The rendered 3D CAD models are great in helping us visualize what the kit will look like, but nothing compares to seeing the actual production pieces. Recently we received the first pre-production footballs for inspection. These pictures should give you a better idea of what kind of quality and finish you can expect from the HD Blower kit.
Here is a recent dyno graph of a the kit on a stock 103 engine.
1)The 103 motor is completely stock!…stock exhaust, stock cams.
2) We still have not finalized the last few parts of the design for this kit…for example the ‘football’ is only a prototype design, we expect better results from the new/final football design and air cleaner set-up.
3) We can still spin the charger faster for greater gains, but this will require lowering the bikes redline.
Here are a few things to note when watching the video:
THE SOUND: The blower kit is virtually silent. The whirring sound you hear is the sound of the dyno rollers and not the supercharger. Except for sounding more powerful, the classic potato-potato Harley sound remains unchanged.
LEG POSITION: The riders leg position is the same as on a factory bike with plenty of leg to supercharger clearance.
The HD Blower football sits slightly higher than the stock air cleaner cover and only sticks out an additional 1/4″ from the stock position. The final production units will be heat insulated and aircooled so cant burn your thigh on the football.
The main unit below the football sticks out from the side of the bike by less than 1″, allowing the riders leg to remain in the stock riding position.
People have been asking us how much power the kit makes and in all honesty we really don’t know at this point because we are still in the middle of trying different configurations to come up with the most rideable power curve. In its unrestricted configuration, we estimate the kit should be able to make over 135hp to the wheels (at approximately 13psi of boost) but will probably require certain supporting mods. As a point of reference a stock 103ci makes about 65hp and a stock 96ci makes about 57hp to the wheels. Now before you go busting out your imaginary rulers and start measuring the horsepower of your fantasy blower/turbo set-ups, let us just say…we are not interested in chasing after the title of making the most horsepower. If we wanted to cater to the peak-horsepower-chasing dyno-weenies, we would have built a refrigerator sized blower kit large enough to house the biggest possible supercharger, 2 nitrous bottles, a case of beer, and a pint of nitro. Continue reading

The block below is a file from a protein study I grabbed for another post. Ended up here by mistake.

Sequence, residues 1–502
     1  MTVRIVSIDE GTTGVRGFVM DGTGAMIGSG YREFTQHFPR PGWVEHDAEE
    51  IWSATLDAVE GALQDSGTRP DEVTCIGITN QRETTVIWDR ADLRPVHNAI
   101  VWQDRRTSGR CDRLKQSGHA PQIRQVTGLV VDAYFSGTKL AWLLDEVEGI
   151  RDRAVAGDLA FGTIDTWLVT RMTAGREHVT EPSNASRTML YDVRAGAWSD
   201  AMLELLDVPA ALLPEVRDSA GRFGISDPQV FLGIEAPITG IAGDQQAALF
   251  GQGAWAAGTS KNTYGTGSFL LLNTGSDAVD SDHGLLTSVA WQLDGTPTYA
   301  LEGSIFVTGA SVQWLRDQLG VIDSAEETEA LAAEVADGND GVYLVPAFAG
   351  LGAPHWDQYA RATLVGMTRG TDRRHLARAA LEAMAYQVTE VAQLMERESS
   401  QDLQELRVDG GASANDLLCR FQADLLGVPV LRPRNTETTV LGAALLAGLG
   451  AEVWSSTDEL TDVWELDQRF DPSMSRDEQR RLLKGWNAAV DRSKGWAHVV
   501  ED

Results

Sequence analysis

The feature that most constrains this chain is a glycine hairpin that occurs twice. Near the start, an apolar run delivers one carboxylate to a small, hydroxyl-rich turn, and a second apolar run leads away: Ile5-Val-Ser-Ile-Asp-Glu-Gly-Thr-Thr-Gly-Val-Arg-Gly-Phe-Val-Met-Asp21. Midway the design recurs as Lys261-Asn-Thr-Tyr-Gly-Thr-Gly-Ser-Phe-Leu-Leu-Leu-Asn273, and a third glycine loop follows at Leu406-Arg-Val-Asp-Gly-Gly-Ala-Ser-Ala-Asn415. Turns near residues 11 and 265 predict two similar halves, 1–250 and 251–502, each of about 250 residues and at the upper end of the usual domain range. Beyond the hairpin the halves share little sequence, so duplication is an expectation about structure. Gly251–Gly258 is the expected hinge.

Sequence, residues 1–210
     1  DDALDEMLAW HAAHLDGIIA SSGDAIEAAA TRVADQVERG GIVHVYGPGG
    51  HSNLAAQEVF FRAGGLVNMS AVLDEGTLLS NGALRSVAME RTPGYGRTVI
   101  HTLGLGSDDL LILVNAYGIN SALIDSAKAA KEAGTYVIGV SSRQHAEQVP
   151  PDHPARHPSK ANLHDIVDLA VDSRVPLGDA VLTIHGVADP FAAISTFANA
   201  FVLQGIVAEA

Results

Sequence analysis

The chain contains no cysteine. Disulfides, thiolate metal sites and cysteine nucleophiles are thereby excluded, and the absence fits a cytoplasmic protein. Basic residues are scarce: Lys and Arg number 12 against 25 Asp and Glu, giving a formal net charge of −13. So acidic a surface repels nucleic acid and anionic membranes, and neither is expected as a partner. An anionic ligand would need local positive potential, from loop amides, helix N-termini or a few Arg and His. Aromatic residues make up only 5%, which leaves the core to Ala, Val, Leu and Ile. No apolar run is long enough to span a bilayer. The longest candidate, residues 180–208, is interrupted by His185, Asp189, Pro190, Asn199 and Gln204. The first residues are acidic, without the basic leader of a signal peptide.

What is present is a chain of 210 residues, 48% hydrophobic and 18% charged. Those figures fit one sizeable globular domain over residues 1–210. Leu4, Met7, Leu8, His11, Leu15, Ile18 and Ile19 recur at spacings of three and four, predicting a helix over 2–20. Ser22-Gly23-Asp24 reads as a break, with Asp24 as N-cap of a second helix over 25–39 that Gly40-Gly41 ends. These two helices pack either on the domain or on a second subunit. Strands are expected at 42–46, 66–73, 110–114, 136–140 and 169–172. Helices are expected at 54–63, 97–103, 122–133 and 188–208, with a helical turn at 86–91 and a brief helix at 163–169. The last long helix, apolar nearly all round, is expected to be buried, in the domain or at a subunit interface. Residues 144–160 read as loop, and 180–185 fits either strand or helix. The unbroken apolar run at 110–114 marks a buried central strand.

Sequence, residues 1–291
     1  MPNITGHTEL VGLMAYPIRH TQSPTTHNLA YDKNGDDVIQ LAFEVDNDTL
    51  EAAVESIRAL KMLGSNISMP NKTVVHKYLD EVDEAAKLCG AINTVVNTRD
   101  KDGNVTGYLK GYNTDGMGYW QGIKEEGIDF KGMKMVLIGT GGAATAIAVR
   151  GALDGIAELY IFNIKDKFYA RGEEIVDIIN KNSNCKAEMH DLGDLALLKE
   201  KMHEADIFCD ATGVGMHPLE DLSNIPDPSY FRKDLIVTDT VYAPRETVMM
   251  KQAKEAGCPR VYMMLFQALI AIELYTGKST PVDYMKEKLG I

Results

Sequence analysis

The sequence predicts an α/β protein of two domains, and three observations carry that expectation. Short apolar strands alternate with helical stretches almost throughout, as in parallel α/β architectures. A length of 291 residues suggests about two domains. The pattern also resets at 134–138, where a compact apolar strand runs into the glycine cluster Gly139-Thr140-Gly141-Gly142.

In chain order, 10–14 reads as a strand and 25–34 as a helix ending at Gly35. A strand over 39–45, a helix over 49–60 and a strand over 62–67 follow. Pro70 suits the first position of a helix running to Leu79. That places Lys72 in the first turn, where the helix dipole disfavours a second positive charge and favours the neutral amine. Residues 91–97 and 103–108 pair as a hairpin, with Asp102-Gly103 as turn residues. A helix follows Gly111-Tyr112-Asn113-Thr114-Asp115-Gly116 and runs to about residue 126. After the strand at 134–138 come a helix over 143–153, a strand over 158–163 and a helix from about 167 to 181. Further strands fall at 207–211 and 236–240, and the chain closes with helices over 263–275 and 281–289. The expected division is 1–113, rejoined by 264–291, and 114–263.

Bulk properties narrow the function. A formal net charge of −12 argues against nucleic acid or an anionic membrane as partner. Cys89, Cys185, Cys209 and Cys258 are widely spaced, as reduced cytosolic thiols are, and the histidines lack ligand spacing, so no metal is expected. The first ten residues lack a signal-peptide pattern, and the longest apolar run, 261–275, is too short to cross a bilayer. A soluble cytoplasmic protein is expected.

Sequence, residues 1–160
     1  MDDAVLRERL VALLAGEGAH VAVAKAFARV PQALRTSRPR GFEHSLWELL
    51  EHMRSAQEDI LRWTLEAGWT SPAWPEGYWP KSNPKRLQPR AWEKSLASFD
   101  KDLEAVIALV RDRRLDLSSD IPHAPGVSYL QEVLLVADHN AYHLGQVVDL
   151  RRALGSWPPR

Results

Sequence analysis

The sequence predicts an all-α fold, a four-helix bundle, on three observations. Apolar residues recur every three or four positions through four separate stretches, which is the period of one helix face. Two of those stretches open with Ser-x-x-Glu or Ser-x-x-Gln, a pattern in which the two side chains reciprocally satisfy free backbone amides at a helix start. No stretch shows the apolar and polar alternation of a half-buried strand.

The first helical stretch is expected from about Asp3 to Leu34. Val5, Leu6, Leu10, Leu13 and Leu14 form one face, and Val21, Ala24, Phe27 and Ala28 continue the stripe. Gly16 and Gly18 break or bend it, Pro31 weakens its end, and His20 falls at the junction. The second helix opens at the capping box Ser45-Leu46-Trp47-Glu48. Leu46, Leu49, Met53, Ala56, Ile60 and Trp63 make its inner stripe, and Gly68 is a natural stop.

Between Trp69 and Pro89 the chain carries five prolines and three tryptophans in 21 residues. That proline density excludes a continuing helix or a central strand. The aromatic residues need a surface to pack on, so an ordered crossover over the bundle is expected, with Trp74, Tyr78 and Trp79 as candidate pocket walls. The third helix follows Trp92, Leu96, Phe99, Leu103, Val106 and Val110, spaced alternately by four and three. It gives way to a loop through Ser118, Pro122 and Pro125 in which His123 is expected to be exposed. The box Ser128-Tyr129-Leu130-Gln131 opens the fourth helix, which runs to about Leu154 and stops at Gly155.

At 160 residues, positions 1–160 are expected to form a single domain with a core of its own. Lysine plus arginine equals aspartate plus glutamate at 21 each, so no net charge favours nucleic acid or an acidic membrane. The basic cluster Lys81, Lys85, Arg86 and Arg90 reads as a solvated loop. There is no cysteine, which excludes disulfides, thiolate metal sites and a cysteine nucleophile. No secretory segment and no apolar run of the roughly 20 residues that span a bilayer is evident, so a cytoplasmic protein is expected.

Can you believe the main picture of the supercharger kit is a computer generated rendering? Don’t worry, this blower kit is in pre-production functional prototype testing phase, and isn’t just some fantasy digital graphics art project. HDBlower is only made possible with the right blend of old school mechnical know-how and new school wiz-bang computer technologies. We’ll show you more of the tools of our trade in later posts.
Don’t let the simple and elegant shape and design of our ‘football’ fool you. Underneath that slim and pretty cover is a monster of engineering. All the factory football has to do is house the air cleaner. Our football, which is the same width side-to-side but slightly narrower top-to-bottom, must to house the aircleaner, the ‘turtle’ (pressure side intake transfer manifold), and a custom pressure bypass valve.
If you look at the Rotrex Technical Datasheet, you will see that peak input shaft speeds for the superchargers range from 11,840rpm to 15,900rpm. In order for us to be able to have sufficient flexibility and options for tuning the shape of the boost and power curve, we needed to, at the bare minimum, be able to spin the charger at its peak input speed at redline. Using a just a single stage to step-up the engine rpm, the highest input shaft speed you can achieve is approximately 10,000rpm at redline; well shy of the limits of the charger. To solve this under spinning issue, we use a two stage system to step up the input RPMs. Continue reading
When we set out to design our supercharger system, not only did it need to have a compact form factor, but it needed to be beautiful. We looked at other superchargers and they all looked pretty cool, but nothing struck us as being very beautiful. Though beauty is subjective to a certain degree, there are a few rules of beauty that tend to hold true. These basic rules are: Symmetry, Size & Proportions, Lines, Curves, & Details. Continue reading
We felt one of the keys to making the ultimate supercharger kit was making things as compact as possible. Harley Davidson went to great lengths to design beautiful engines and motorcycles. The last thing we wanted to do was ruin the look of someone’s bike by hanging some bulky-square-edged robot-looking supercharger system off the Continue reading